A New Jersey public works inspector who certainly took his time committing his crime was in court this week for stealing thousands of dollars from the town he worked for...all in quarters.
Thomas Rica, who worked for the village of Ridgewood, pleaded guilty on Wednesday to four counts of third degree theft. Altogether, it is estimated that Rica stole about $460,000 in quarters over a 25-month period. That shakes out to an astonishing 1.8 million individual quarters.
Each count carries a sentence of up to five years probation, but NorthJersey.com notes that Rica will just serve five years of probation in addition to paying back everything he took over the upcoming course of the probationary period.
Rica was arrested and fired last year after it was revealed that he had taken $500 in quarters, but further investigation revealed how much bigger the crime was. Rather than taking big sums, Rica stretched the sticky-fingered streak across a two-year span, taking quarters little by little from the village's coin collection room. He then reportedly turned the quarters in at multiple bank branches before getting a receipt for deposit to avoid suspicion.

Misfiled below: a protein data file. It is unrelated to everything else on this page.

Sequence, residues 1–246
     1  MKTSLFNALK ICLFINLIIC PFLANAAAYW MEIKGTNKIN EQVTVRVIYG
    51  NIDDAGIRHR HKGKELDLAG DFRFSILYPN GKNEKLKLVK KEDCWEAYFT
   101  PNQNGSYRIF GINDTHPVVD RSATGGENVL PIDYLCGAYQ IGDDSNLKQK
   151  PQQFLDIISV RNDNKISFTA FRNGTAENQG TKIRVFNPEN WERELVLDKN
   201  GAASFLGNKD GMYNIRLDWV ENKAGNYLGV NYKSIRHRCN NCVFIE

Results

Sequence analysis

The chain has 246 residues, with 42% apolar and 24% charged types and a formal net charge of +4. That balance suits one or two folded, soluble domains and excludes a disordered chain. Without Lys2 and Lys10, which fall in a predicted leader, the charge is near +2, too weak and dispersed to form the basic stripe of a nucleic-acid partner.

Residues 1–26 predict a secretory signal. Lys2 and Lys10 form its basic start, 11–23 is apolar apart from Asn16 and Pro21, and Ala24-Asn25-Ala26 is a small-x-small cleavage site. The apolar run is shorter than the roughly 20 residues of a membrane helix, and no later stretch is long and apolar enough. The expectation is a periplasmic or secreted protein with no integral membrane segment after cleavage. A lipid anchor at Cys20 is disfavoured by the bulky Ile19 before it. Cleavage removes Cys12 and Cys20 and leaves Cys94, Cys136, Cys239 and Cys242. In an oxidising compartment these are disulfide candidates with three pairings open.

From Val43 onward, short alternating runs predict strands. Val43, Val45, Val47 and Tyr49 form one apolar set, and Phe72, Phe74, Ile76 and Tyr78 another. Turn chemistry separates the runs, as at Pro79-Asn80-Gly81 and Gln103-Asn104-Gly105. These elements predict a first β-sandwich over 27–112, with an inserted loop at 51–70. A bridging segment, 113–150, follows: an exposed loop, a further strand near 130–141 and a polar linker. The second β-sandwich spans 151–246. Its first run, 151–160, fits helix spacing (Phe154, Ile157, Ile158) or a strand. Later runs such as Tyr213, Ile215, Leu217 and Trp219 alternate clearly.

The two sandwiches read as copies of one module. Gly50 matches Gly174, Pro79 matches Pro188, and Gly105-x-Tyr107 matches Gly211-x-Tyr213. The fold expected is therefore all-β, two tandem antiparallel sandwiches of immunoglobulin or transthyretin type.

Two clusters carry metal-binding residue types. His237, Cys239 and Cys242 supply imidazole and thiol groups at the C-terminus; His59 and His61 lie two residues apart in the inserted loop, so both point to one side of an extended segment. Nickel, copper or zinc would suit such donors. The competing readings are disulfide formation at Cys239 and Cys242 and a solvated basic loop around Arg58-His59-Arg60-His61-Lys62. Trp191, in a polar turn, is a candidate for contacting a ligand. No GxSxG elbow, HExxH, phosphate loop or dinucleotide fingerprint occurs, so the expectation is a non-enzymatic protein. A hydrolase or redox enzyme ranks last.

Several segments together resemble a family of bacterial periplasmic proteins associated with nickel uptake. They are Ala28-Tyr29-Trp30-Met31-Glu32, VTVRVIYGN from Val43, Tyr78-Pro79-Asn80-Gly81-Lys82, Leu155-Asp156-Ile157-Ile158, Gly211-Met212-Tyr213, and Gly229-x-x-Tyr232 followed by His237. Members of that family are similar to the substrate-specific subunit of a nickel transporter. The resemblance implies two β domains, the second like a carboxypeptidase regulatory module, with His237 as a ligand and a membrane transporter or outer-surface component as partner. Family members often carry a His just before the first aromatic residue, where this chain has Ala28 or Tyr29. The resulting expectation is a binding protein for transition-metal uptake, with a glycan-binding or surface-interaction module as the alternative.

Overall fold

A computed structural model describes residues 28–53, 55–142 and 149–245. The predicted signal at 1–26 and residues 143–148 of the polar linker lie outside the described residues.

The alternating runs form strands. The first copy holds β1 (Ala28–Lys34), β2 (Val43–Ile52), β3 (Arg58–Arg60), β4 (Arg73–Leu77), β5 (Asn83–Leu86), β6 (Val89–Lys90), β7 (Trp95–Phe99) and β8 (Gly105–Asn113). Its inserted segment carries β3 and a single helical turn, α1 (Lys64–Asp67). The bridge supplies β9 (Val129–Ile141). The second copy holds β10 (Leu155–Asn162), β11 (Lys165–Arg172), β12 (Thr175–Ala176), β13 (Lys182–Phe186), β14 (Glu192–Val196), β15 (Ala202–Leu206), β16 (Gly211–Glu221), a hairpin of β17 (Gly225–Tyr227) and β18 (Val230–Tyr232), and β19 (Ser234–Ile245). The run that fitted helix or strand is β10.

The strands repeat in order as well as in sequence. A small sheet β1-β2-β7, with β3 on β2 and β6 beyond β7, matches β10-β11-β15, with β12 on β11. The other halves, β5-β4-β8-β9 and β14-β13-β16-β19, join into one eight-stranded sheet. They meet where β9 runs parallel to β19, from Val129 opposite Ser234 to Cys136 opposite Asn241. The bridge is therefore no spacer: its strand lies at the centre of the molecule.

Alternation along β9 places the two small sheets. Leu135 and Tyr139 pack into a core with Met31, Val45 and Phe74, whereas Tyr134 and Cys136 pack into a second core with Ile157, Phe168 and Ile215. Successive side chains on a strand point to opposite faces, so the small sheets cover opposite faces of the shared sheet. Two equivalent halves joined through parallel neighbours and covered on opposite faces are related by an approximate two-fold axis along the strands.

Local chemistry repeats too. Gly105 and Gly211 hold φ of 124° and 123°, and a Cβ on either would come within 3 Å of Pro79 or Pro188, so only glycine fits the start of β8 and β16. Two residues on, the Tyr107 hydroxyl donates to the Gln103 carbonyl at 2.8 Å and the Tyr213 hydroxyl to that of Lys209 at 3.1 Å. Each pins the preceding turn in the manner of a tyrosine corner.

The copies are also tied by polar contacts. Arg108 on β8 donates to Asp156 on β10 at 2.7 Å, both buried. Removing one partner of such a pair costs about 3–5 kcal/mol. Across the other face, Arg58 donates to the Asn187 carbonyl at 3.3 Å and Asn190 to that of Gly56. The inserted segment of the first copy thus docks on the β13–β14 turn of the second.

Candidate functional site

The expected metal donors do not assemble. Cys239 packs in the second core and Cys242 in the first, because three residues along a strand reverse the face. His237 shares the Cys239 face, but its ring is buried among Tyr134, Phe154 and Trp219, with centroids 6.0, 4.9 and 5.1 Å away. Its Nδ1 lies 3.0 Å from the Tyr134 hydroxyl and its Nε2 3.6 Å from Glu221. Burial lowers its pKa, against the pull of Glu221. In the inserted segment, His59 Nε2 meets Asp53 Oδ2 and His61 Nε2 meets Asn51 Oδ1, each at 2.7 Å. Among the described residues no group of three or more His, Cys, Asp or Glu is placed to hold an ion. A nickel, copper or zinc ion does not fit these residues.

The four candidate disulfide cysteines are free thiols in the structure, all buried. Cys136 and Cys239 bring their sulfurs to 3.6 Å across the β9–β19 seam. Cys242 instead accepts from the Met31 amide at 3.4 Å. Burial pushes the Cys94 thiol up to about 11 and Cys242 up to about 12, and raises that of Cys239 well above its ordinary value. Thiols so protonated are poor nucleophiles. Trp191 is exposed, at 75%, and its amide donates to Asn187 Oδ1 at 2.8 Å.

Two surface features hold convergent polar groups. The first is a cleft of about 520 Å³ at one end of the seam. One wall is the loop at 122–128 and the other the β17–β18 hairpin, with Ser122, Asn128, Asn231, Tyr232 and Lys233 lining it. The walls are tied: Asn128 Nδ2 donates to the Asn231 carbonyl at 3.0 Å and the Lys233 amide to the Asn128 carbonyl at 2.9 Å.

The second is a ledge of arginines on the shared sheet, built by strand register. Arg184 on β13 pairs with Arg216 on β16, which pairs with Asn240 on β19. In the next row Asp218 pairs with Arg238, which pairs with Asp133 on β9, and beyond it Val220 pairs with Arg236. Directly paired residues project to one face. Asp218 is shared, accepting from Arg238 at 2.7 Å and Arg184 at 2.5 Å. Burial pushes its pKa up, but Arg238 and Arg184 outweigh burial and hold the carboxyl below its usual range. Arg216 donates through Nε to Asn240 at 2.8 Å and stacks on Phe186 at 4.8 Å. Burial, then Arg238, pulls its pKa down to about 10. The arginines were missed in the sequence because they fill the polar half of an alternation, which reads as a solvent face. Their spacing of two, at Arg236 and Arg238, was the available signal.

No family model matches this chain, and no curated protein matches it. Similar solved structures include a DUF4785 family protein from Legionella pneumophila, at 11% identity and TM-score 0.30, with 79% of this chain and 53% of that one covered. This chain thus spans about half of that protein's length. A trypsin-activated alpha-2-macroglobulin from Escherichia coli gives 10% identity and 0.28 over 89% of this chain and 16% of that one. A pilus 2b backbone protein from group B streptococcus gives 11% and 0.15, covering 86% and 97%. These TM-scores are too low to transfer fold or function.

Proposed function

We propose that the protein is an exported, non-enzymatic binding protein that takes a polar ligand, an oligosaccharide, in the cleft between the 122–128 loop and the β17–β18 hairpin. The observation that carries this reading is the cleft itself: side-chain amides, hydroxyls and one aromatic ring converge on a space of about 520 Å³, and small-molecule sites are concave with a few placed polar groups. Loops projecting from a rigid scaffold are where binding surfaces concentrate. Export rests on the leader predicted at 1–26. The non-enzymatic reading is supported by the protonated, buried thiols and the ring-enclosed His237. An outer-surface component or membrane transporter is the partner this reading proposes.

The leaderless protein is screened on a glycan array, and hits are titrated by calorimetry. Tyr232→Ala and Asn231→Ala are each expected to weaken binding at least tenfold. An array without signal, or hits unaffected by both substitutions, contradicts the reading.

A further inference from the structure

Though he technically did not have clearance to enter the coin collection room, Rica was given a master key "due to the nature of his job" and used it to access the quarters.
Rica is expected to pay back a lump sum of $69,000 at his sentencing, which will occur on June 6, and then $2,000 per month after that, according to the plea agreement. He also loses the pension and money for accrued time previously owed to him by the village and can never work for another municipality in the state.
Ridgewood Mayor Paul Aronsohn spoke out on the act, calling it “outrageous and seemingly incomprehensible” and a shameless and aggressive violation of the public trust. The village, meanwhile, says it will take security steps to ensure that such a theft does not occur in the future.